His method is seen in its most brilliant shape in The Second Funeral of Napoleon ; it is that of a man who, as its opening paragraphs show, quite deliberately chose the part of the Argus-eyed valet who has seen all heroes naked ; and one may be the exact reverse of a Napoleon-worshipper without liking it, indeed without being able to avoid feeling strongly that, even in that case, it is the Devil's method of writing history. I am not speaking of morals. The spirit that denied in Thackeray never denied goodness ; what it denied was greatness in history, greatness in art, greatness in life. There are plenty of good figures in the novels, and for my part, I do not at all find them so insipid as they often have been called ; but no one will pretend that either Dobbin, or Colonel Newcome, or Warrington can have greatness thrust upon him even by the blindest affection. Thackeray is the first instance in English of the everlasting nemesis of realism ; it gets so close to its object that the only things it can see are small things. We laugh at his im

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people or weep with them ; we love them or hate them but we never, or almost never, admire them.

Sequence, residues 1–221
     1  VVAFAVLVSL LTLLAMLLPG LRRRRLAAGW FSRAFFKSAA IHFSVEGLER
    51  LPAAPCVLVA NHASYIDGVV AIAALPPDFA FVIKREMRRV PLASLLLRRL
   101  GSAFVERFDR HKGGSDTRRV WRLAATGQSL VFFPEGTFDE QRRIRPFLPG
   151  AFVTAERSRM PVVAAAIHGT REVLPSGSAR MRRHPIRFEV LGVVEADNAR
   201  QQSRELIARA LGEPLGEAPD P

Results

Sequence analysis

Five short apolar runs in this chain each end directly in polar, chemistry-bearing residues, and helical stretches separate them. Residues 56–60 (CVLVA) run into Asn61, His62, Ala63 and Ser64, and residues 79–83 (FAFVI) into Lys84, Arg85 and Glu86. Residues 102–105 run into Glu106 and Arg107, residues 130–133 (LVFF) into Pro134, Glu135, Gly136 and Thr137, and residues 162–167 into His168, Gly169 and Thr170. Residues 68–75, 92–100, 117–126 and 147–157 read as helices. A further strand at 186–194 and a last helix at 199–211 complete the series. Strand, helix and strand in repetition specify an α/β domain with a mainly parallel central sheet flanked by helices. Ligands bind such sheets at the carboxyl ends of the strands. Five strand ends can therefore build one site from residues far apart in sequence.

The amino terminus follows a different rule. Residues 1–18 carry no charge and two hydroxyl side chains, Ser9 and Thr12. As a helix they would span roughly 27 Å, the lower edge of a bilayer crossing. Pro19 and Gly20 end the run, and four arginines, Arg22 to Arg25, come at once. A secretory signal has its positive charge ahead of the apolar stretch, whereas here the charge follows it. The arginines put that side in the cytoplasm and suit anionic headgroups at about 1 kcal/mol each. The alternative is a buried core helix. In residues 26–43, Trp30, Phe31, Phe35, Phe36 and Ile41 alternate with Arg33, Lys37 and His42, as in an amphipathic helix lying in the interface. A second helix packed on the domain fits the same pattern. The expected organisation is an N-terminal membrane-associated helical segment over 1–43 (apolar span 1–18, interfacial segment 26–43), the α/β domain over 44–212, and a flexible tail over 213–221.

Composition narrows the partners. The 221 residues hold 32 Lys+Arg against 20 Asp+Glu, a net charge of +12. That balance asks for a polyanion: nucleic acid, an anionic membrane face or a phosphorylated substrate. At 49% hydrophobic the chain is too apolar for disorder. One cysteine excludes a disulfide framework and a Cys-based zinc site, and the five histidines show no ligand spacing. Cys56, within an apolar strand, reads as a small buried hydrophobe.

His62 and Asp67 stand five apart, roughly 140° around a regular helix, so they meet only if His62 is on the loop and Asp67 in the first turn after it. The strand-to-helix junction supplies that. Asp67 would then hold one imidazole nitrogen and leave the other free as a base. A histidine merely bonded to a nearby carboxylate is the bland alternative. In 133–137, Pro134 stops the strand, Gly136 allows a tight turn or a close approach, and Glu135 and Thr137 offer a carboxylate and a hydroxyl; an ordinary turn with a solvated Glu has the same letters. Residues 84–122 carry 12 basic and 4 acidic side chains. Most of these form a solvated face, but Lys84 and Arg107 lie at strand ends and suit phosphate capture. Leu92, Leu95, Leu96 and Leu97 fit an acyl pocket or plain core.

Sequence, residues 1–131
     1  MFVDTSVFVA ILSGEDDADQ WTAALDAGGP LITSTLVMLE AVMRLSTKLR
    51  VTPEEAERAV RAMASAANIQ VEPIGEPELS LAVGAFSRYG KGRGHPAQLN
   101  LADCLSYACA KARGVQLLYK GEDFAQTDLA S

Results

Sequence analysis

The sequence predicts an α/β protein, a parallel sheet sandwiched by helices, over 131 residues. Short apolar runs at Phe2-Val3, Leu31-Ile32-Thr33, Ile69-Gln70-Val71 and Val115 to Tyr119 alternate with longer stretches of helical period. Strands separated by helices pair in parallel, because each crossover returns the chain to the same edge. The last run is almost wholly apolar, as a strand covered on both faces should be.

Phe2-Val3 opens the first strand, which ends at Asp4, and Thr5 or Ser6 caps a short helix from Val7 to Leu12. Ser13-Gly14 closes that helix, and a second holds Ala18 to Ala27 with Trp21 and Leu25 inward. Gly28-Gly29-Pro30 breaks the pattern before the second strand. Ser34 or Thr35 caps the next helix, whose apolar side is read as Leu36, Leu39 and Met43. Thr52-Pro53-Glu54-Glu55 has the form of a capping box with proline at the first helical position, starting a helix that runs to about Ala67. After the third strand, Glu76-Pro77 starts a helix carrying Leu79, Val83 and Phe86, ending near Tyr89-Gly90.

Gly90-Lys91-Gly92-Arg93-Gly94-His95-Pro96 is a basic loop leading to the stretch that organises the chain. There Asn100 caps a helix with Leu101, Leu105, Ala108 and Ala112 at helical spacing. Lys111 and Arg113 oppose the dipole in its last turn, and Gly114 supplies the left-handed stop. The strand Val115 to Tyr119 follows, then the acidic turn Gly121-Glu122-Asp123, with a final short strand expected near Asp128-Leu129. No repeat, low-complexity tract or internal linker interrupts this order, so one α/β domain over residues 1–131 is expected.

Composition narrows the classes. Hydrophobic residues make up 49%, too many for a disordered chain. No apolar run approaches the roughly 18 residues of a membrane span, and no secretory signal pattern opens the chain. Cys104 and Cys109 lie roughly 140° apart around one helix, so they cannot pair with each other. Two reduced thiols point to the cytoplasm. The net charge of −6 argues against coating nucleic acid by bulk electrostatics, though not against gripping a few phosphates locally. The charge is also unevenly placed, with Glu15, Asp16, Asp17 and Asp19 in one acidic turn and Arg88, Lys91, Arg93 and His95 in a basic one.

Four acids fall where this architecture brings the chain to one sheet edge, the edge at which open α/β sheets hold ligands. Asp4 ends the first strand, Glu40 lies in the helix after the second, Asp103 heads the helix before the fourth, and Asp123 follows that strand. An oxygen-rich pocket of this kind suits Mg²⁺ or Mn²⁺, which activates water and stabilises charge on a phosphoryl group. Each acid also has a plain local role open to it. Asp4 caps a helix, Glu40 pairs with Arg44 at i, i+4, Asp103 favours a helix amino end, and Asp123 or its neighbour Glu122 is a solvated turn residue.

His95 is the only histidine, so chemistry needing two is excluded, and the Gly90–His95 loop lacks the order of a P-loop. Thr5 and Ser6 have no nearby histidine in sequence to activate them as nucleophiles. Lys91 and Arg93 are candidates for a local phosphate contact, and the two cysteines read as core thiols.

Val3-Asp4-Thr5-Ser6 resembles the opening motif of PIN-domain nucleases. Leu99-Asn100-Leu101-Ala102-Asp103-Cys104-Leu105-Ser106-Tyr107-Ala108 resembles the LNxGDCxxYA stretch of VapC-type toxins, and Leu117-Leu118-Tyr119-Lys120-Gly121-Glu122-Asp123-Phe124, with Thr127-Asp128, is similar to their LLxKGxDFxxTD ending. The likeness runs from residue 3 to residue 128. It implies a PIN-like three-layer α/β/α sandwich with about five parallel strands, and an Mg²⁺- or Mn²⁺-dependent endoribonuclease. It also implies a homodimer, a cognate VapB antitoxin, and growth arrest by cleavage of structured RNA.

Yet he wrote the most brilliant English novel, in some ways the greatest, of the nineteenth century! And, though it is a real defect in a novelist to leave out, as he did, so many of the biggest things in human life, he might yet fairly reply that those who can give the whole of life are very few, so that art is forced to these narrowing choices and partial views. At any rate, if he did not make his people admirable, he made them astonishingly alive. He had the merits of his defects. If realism like his, in its eagerness to strip off trappings, is apt to strip off a great deal else as well, it does at least strip off the trappings. Becky stands eternally before us, naked and unashamed, the first instance, perhaps, in literature of cleverness standing absolutely alone. Iago, after all, appears to have had a devil of hatred in him ; but Becky has no emotions good or bad. She just has her brains to fight the world with, and she does her sword-play so brilliantly that every one likes her and wishes her success. We are all greedy of pleasure, and she gives us so much that it is with her almost as it is with Falstaff and Mrs. Gamp; she has extended the bounds of life for us, and we resent her misfortunes, however justly deserved. But Vanity Fair is much more than Becky. It is a prose epic of a siege of Mayfair which lasted more than ten years and in which, though Becky alone is the Achilles, who certainly never sulks in her tent, there are still, as of old, plenty of other warriors engaged who all distinguish themselves in ways proper to this kind of warfare. The greatest achievement of the epic is to get a whole age into itself. That grows increasingly difficult as the world gets larger and more complicated, and better informed about its own life. Thackeray at any rate could not do it even superficially, as Victor Hugo did in Les Misérables. He only knew one world—that of the well-to-do-and seldom adventured